ICC Warrant Makes Putin’s World Smaller


President Vladimir Putin always relishes his global travels to underscore his image as one of the world’s helmsmen.

While the Kremlin is refuting the ICC’s war crimes charges against him, inside the Kremlin’s walls, another reality will emerge. Putin’s world is getting smaller and smaller.

At the G20 summit in Hamburg in 2017, he spent hours talking alone with former President Donald Trump, then the most powerful man in the world.

A year later, at the next G20 leaders’ summit in Buenos Aires, Putin gave Saudi Crown Prince Mohammed bin Salman a high-five less than two months after Saudi Arabia accused journalist Jah Jamal Khashoggi is under suspicion for his brutal murder.

Steeped in international attention, he can pooh-pooh the world, or personally manipulate its leaders, if you will, or his stubborn, decades-long grip on power.

His love of the global limelight and his exploitation helped him at home, too, cementing his image as a tough, shirtless, bear-hunting protector of the Russians, thwarting an allegedly malicious NATO plot to pillage the country’s borders .

But that’s all over. Both Germany and Argentina are signatories to the Rome Statute, two of the 123 countries that would be obliged to extradite Putin to The Hague to stand trial as a war criminal if he shows up on their doorstep again.

The International Criminal Court issued an arrest warrant for Vladimir Putin on Friday.

Putin now faces a dilemma should he show up in Delhi for this September’s G20 summit. India, like the US, has not joined the ICC, but what will Prime Minister Narendra Modi do?

Shortly after the ICC’s announcement, U.S. President Joe Biden was asked by reporters if “Putin should stand trial for war crimes” by replying that “he clearly committed war crimes,” suggesting Putin would not be in the U.S. It’s no surprise that it’s popular.

That leaves ambiguity about the type of legal snare that Putin will inadvertently find himself in in the future. Without careful planning, Putin could land in a country apparently not aligned with the ICC and not bound by the requirements of international law, he would be handed over to The Hague, but due to unseen international political pressure, or their own newfound The international desire for justice sparked legal proceedings to send him to The Hague.

Putin is unlikely to throw the dice over his fate to a foreign tribunal, so his world is even smaller than the countries supported by the ICC. So, no matter how the Kremlin spins, Putin’s ego takes a hit.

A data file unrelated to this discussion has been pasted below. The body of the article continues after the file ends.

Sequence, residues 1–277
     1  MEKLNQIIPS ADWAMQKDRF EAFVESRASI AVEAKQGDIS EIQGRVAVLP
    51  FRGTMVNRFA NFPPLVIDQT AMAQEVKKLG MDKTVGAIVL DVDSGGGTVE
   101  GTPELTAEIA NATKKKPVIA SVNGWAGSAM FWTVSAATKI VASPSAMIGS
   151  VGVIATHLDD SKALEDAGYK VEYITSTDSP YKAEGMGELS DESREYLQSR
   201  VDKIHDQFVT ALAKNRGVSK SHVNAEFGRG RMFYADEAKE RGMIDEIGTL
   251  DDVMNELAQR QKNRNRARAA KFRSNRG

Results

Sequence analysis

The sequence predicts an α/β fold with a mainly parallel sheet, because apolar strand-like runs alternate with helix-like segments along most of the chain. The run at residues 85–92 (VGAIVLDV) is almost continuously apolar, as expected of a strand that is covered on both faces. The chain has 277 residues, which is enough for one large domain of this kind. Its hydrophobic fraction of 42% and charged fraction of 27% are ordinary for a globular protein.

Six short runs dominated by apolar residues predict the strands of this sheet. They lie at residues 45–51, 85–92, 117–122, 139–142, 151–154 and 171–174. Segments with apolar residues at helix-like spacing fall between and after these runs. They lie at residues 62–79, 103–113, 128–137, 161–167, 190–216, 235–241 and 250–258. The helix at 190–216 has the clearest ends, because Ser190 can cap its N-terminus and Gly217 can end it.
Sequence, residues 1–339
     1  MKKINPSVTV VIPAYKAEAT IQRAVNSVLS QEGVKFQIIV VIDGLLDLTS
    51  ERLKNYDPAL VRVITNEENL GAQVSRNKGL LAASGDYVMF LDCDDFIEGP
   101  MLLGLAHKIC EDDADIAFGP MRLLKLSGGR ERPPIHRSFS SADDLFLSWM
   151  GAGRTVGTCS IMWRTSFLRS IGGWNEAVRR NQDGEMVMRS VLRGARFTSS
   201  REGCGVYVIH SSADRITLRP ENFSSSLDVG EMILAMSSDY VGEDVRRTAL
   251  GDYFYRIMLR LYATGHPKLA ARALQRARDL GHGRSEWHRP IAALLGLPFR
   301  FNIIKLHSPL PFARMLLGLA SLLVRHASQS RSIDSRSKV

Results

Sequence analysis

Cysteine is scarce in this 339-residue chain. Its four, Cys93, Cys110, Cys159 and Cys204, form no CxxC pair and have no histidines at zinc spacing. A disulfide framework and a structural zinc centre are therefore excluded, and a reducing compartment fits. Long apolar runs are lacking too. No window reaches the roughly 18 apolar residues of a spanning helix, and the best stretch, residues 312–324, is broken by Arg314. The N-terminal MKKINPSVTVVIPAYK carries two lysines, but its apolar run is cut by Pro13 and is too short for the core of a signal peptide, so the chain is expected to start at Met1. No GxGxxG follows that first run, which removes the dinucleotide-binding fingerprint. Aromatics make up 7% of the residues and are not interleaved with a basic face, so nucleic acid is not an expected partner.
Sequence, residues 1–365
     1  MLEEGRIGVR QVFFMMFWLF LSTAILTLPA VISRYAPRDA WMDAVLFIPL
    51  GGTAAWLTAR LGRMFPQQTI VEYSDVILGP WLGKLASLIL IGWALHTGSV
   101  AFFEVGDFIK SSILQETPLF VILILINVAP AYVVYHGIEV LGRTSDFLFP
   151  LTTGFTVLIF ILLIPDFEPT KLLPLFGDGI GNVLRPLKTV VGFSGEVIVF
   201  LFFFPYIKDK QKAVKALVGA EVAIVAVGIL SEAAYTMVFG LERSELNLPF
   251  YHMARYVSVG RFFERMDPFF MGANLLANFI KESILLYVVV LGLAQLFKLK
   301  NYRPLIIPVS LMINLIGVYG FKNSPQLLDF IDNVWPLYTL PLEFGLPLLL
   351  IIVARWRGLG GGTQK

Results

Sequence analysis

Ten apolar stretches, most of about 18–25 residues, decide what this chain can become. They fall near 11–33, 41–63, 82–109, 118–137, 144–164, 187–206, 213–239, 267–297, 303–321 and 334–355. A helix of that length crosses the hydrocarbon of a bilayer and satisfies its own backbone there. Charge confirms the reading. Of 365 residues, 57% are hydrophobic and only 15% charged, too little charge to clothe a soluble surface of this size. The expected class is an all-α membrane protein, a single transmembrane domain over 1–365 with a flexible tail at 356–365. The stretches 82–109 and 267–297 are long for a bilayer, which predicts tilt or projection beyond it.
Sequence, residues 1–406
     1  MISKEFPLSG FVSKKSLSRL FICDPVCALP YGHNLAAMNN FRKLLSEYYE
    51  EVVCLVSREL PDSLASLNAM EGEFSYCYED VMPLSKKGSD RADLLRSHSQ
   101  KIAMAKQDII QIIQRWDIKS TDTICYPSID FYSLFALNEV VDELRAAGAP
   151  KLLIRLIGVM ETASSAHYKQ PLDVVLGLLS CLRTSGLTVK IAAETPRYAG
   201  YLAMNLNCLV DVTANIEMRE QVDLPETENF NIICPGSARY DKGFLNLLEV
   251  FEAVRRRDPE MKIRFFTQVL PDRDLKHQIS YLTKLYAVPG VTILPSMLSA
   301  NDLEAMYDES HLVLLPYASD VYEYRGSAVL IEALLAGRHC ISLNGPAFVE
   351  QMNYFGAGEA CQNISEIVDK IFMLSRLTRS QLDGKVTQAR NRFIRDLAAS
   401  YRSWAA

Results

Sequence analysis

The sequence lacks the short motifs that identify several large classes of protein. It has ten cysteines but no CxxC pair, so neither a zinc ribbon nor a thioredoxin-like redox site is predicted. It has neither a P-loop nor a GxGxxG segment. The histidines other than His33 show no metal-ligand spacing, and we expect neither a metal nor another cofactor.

Of course, many ICC defendants are at large, and admittedly, none are as legendary as Putin. The only other president among the 15 ICC fugitives is Sudan’s former president, Omar al Bashir, who managed to evade justice both in and out of office for more than 13 years.

But international justice has far-reaching implications. Former Serbian president Slobodan Milosovic, who instigated the breakup of the former Yugoslavia in the early 1990s, eventually faced war crimes charges in The Hague in 2001 on a range of issues and died in prison a few years later Exhaustion.

He was removed from office under the constitution, never fled Belgrade, and never thought that the Belgrade judiciary would hand him over for international trial.

Some of his war crimes accomplices, the Bosnian Serb military commander General Ratko Mladic and his Serbian nationalist leader Radovan Karadzic, have both tried to evade justice.

Mladic was eventually found hiding out on a cousin’s farm near Belgrade; Karadzic was found in Belgrade, albeit shaved and disheveled, hiding under his new identity as a mysterious faith healer.

Both eventually faced international justice in The Hague, were convicted of war crimes and remain in prison.

The lesson for Putin is that you can run, but you cannot hide. Perhaps even more commendable, the lesson to be learned from Milosovich’s case is that unless you remain in power, today’s underling may become your jailer tomorrow.

Not only is Putin’s world smaller, but his back is against the wall. His picks, especially through the prism of his sometimes paranoid, are far uglier than they were last week.

He does have some friends he can lean on, though, at least for now. Chinese President Xi Jinping will offer Putin the perfect image in Moscow on Monday to restore his weakened status.

Others in Putin’s inner orbit will worry about the repercussions for them.

Whether they will face similar charges, whether they will be able to safely visit children scattered across Europe’s top schools and universities without fear of arrest, access their offshore assets, or even sunbathe safely in the UAE, Moscow’s elite have new Bolthole, or book a table at one of Istanbul’s fine dining restaurants by the Bosporus?

ICC Chief Prosecutor Karim Khan seems clear that no one is off limits and “absolutely no one should feel that they can act and commit genocide or crimes against humanity or war crimes with impunity.”

The more potential defendants there are from the Kremlin and its protective embrace, the greater the potential fallout.

The court’s chief judge, Pitor Hofmanski, said he hoped Putin’s allegations would have a “deterrent effect” because the current mood in Russia appeared to be deliberately combative.

Putin’s reality and the limitations of his shrinking world are only just beginning. There is no turning back.

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